Wake Forest Institute for Regenerative Medicine
Scientists have developed a specialised 3D printer that has successfully generated living cartilage, bone and muscle.
The team at Wake Forest Institute for Regenerative Medicine (WFIRM) hope that the technology could be used in the future to replace tissue in humans required after injury or disease.
Unlike conventional tissue engineering methods, the printer developed at WFIRM is able to generate complex tissues packed with micro-channels which serve the tissue’s cells with the oxygen and nutrients they need to grow.
"This novel tissue and organ printer is an important advance in our quest to make replacement tissue for patients," said Anthony Atala, M.D., Director of the WFIRM and senior author on the study. "It can fabricate stable, human-scale tissue of any shape. With further development, this technology could potentially be used to print living tissue and organ structures for surgical implantation."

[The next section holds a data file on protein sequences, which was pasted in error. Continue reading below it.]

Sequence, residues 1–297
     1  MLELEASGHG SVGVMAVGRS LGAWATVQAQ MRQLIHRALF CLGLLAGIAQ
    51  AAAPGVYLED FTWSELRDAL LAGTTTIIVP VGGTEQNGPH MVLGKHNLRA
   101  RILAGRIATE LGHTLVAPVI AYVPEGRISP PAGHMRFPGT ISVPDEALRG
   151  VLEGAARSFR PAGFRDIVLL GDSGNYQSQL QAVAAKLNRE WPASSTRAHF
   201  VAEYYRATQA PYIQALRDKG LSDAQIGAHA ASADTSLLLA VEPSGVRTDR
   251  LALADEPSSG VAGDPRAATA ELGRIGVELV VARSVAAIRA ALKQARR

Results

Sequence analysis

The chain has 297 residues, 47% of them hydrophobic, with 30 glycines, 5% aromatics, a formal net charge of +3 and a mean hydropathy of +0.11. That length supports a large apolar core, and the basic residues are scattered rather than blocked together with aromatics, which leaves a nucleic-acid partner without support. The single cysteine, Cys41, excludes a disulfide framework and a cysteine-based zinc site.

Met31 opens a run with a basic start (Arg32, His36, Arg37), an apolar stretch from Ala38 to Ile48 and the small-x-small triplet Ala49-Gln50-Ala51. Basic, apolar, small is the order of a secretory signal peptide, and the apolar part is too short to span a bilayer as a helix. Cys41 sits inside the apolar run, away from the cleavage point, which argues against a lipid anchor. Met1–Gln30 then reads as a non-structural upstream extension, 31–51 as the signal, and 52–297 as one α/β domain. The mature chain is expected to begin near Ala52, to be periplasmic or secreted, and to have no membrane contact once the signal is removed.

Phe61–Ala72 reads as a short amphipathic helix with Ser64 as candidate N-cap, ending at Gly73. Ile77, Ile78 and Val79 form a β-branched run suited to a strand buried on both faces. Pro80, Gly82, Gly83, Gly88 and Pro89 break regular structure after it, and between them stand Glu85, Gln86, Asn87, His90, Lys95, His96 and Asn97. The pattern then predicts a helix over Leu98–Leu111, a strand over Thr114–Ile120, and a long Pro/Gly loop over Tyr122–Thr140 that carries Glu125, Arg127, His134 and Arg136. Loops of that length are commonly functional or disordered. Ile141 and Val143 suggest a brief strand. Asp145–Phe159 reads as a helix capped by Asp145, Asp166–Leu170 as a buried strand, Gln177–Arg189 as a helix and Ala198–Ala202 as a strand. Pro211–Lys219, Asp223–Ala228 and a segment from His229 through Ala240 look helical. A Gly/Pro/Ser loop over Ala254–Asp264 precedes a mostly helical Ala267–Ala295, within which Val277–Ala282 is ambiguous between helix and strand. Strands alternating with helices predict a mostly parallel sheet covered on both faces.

The printer, known as the Integrated Tissue and Organ Printing System (ITOP) uses bio-degradable materials that act as a scaffold for cells to adhere to and form an organ, tissue or bone. The scaffold structures then breakdown as the cells produce their own structural “matrix”.
The researchers grew ear cartilage, jaw bone, and muscle using the ITOP.
By using medical imaging techniques such as CT and MRI scans the ITOP can generate tissues specifically for individual patients, for example, to generate jaw bone to fit to their damaged jaw.
When implanted into mice and rats, the ear cartilage and muscle tissue were well-maintained after two months and two weeks respectively, forming their own blood vessels in order to survive.
Further development will be required before ITOP method can have clinical implications in humans.